Thursday, January 30, 2003

Richard Dawkins in the Times of London
A largely unrecognised danger of the obsessive hysteria surrounding genetically modified foods is crying wolf. I fear that, if the Green movement's high-amplitude warnings turn out to be empty, people will be dangerously disinclined to listen to other more serious warnings. The evolution of antibiotic resistance among bacteria is a vicious wolf of proven danger. Yet the menacing footfalls of this certain peril are all but drowned out in the caterwauling shrieks over genetically modified foods, whose dangers are speculative at most. To be more precise, genetic modification, like any other kind of modification, is good if you modify in a good direction, bad if you modify in a bad direction. Like domestic breeding, and like natural selection itself, the trick is to introduce the right new DNA software. The realisation that software is all it is, written in exactly the same language as the organism's "own" DNA, should go a long way towards correcting muddled thinking.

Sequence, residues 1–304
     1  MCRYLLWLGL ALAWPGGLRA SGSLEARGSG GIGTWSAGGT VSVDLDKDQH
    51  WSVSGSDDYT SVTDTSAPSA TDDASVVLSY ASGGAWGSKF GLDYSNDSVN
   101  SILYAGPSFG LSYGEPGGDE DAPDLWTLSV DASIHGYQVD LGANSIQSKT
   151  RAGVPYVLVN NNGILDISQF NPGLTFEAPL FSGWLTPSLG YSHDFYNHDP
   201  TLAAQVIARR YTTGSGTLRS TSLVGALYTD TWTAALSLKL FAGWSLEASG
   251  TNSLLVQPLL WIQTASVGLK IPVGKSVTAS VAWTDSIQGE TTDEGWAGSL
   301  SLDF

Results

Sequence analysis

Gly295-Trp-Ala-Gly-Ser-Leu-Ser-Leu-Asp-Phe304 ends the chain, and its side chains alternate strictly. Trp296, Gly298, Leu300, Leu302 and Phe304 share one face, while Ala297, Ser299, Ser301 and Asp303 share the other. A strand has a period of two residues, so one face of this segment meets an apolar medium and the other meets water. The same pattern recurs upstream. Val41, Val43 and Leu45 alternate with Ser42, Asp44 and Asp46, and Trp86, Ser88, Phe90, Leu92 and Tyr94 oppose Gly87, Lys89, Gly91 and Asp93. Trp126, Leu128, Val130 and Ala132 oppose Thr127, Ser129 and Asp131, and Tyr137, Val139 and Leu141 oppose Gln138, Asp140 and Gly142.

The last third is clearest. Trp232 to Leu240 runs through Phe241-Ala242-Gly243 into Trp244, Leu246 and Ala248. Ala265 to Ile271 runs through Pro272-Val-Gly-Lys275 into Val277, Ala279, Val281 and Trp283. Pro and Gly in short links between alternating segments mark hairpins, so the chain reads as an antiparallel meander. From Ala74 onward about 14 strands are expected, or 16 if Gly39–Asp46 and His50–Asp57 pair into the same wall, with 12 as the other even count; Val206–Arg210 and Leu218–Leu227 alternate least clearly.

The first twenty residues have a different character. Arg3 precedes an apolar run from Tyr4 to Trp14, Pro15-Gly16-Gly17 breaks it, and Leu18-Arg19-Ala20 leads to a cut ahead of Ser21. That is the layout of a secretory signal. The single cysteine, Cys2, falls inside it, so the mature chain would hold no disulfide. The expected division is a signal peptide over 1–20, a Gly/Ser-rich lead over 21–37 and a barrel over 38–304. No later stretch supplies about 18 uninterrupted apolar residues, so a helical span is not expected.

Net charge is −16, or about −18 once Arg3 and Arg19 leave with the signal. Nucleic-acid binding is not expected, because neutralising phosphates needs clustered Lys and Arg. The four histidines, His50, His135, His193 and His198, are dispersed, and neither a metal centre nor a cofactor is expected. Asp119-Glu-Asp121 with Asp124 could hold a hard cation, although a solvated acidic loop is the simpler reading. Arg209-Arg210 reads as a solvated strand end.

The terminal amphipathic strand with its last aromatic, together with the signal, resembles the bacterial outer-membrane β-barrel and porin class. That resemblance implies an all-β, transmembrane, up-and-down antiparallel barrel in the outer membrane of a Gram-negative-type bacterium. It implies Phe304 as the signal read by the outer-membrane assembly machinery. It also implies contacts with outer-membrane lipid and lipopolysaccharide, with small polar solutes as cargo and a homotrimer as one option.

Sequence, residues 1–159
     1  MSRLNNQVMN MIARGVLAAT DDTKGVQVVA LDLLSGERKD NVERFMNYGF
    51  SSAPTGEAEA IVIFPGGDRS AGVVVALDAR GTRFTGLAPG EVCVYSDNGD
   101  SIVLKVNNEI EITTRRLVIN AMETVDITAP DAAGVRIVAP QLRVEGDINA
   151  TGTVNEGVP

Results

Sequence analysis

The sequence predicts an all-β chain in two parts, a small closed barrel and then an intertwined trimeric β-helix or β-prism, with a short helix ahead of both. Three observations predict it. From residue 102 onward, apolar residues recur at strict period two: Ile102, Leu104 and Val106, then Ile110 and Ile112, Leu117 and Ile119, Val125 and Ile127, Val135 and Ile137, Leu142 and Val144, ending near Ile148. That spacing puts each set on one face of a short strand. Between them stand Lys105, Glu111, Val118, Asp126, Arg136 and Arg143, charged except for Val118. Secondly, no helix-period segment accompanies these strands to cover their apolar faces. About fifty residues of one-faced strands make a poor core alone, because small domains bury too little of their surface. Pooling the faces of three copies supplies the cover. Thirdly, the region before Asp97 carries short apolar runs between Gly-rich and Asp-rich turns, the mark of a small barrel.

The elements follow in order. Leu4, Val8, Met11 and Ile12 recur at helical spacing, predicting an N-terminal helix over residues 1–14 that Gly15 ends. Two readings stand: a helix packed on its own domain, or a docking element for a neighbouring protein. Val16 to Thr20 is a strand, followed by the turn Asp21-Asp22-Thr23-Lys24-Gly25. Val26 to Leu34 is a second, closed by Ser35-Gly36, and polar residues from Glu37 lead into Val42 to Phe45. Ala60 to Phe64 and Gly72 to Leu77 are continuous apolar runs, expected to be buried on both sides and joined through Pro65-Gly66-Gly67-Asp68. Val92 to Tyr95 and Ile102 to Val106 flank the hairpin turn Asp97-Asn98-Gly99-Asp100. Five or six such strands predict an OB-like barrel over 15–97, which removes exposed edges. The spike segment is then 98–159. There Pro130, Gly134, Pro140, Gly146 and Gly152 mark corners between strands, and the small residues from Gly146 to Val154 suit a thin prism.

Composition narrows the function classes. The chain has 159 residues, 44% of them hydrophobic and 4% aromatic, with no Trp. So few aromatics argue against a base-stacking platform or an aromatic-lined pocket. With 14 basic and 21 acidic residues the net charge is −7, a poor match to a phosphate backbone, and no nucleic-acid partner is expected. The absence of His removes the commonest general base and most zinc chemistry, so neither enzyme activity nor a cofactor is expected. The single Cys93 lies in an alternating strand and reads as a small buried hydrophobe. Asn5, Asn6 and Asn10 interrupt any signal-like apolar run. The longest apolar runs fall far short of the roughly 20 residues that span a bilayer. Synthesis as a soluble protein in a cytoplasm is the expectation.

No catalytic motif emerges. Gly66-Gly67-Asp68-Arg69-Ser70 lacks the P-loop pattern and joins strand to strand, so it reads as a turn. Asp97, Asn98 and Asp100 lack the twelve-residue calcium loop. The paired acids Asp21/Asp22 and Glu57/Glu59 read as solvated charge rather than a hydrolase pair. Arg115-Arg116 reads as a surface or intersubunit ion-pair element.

Which paper also runs TV personality to beTina Brown's strikingly incoherent column:
Contrary to what Europeans imagine, especially if they saw the jingoistic mania at the Superbowl, the angst in New York and Washington is as strong as anything overseas. But unlike in Europe there is a huge desire here to want to go to war, which is weirdly different from a desire to go to war itself. We listen dutifully to the many excellent reasons to feel scared and vengeful towards Saddam, but the desire for a war is like a movie that fades even before you�ve reached the parking lot. It�s a syndrome best thought of as The Gung Ho Disconnect....
THE reissued DVD of Lawrence of Arabia is moving faster than a camel on amphetamines at my local Blockbuster. New Yorkers are not just looking for epic entertainment. They�re looking for ways to blame the Brits and the French for creating the mess that became Iraq in the first place....
Duh. It is britain's fault, but 1. no one knows that here, and 2. no one gives a shit. Don't you have something relevant to talk about, old Europe?
Even after living here for 18 years I got into a real muddle with the builder this week in the reconstruction of our guest bathroom. When I was discussing the placement of the lavatory he thought I meant the handbasin. Apparently the unfamiliar term �lavatory� conjures up only washing facilities in the US (the word comes, of course, from laver � the French causing trouble as usual). When I pointed out that in the current design �the lavatory� was so boxed in that no one could ever sit astride it, he looked startled. �Is that,� he asked, �something your guests are likely to do?�


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